But in this tournament, he’s guided them to that feat as a gaffer. Thanks to a certain versatile Oleksandr Zinchenko who turned himself into a Shevchenko variant to be pushing his side ahead all this while. His goal and assist against Sweden in the knockouts was enough to make Ukraine play their first ever quarterfinal match of a major tournament. Thanks to Shevchenko and his variant in Zinchenko. You know no one could facilitate this more than Yarmolenko. 

Doku already attracts sales before reaching Brussels 

If you have watched Belgium versus Italy, you’d realize that Jeremy Doku is a revelation. But his mesmerizing display, even though it won them the penalty that Lukaku converted on the cusp of the first half, and also kept the show on continuous alert and nicety, wasn’t enough to keep his country in contention. However, one may begin to think that Doku has all what it takes to assume the shoes of Eden Hazard for Belgium, if that’s not too quick to think.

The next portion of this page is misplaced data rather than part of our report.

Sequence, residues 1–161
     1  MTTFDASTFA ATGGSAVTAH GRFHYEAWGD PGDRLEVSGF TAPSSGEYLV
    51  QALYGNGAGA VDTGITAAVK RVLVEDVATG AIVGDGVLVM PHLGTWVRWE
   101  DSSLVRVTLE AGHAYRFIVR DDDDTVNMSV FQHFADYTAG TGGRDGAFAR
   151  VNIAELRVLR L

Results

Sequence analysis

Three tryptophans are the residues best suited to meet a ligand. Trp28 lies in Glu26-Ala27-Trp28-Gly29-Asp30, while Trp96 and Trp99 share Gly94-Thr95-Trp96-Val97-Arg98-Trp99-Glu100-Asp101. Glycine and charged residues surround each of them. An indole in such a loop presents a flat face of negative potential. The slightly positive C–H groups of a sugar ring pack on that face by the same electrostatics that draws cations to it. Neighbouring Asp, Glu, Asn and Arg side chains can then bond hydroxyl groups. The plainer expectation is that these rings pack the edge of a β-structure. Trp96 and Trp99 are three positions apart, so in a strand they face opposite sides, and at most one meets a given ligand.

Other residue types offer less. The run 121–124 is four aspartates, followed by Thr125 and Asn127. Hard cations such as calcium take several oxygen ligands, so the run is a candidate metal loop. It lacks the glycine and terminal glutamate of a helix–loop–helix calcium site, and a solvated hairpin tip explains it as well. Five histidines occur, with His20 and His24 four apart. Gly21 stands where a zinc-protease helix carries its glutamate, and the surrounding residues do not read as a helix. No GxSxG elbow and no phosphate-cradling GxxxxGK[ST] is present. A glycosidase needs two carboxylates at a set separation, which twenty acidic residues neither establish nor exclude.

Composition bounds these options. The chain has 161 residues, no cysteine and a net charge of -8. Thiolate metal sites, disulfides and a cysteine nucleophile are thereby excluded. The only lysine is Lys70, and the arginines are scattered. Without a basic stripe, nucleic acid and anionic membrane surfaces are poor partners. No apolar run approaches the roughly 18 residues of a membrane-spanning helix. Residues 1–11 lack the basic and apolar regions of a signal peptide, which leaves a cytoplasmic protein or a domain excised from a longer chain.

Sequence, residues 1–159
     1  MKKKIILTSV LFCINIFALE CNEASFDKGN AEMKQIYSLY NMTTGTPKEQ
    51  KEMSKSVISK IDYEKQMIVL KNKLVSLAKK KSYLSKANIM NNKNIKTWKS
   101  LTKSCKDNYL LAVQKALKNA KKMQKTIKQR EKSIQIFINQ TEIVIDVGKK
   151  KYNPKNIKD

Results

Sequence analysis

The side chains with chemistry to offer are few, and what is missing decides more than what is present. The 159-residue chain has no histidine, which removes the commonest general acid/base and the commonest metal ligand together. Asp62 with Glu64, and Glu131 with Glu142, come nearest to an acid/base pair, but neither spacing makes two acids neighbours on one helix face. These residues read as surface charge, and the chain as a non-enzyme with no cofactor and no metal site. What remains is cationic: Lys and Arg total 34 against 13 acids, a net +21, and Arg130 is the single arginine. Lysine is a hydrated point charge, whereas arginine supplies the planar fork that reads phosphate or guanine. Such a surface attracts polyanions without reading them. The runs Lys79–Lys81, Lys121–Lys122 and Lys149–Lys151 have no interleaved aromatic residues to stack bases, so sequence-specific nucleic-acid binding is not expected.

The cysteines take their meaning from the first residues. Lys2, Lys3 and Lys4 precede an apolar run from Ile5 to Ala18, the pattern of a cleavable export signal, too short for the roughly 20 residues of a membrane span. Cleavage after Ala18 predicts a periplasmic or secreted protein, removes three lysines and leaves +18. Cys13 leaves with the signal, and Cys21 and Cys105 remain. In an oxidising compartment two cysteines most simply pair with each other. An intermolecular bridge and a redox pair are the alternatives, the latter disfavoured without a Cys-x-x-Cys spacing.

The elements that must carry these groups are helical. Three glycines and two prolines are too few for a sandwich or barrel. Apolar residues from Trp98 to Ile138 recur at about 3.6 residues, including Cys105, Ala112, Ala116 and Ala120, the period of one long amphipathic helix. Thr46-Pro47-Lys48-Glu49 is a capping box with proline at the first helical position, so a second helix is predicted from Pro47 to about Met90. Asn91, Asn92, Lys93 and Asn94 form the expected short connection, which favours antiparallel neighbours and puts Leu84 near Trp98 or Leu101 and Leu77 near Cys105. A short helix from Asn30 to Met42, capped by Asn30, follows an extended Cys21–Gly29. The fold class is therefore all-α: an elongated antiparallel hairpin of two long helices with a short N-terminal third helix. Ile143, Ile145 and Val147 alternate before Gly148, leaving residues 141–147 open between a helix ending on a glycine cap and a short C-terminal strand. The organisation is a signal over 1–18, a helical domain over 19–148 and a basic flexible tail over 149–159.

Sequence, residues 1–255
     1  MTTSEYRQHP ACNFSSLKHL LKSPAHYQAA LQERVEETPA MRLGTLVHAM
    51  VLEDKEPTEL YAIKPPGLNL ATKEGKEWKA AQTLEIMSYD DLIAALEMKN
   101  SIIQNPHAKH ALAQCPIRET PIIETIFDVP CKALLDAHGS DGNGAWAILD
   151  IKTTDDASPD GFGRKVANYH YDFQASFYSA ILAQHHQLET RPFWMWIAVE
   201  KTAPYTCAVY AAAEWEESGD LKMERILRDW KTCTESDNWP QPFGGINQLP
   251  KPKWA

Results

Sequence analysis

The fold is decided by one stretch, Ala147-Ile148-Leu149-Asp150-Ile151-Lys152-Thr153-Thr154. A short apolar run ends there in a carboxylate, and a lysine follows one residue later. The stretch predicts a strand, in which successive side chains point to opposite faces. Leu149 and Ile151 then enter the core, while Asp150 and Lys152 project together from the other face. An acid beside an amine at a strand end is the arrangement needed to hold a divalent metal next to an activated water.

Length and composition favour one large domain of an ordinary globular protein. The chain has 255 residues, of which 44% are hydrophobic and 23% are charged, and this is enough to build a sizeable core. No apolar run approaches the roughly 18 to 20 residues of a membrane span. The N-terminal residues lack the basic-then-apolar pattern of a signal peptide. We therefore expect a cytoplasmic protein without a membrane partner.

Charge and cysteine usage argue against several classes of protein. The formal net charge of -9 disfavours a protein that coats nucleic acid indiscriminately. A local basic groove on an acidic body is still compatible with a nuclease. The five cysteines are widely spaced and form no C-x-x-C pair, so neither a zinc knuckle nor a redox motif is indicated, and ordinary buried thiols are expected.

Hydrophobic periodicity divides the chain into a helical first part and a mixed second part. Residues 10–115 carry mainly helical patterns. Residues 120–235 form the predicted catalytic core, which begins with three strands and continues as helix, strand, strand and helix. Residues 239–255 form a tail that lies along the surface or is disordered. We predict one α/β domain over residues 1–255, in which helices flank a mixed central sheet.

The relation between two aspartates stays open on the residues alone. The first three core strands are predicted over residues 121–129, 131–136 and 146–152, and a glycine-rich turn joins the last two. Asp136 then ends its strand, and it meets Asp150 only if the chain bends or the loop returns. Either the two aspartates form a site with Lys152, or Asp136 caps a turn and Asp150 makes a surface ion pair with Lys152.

In that particular match, he was exceedingly hot and entertaining, showing out the ‘baggas’ he’s got, keeping his side in the match, taking the ball forward via the left wing, facing the solid Italian defence, doing them ‘baggas’. But one moment that probably got many off the seats was when he faced the opponent defence with the ball, pedaled the half back before leaving another defender on the ground, creating a desirable theta quite enough for him to slot the ball in for a 2-2 Belgium, but the velocity that he applied was a bit high. He created a perfect theta but he couldn’t apply the perfect velocity to execute Newton’s first law of motion in redeeming his side. But whatever, Jeremy Doku is however our Jeremy Doku. And who’d not want to have him on their sales even before reaching Brussels? 

Everything said, everything done, everything seen, this Euros has shown us moments where the favorite doesn’t matter. It has shown us that, what matters is who needs it more. And who needs it more would go ahead to do more and eventually win the game. Tell me football is coming home. Tell me this one is coming home. 

Batou Saidy holds a degree in Public and Environmental Health. Aside from his profession, he is a writer. His writing extends to current affairs, contemporary life issues, politics, sports, and health.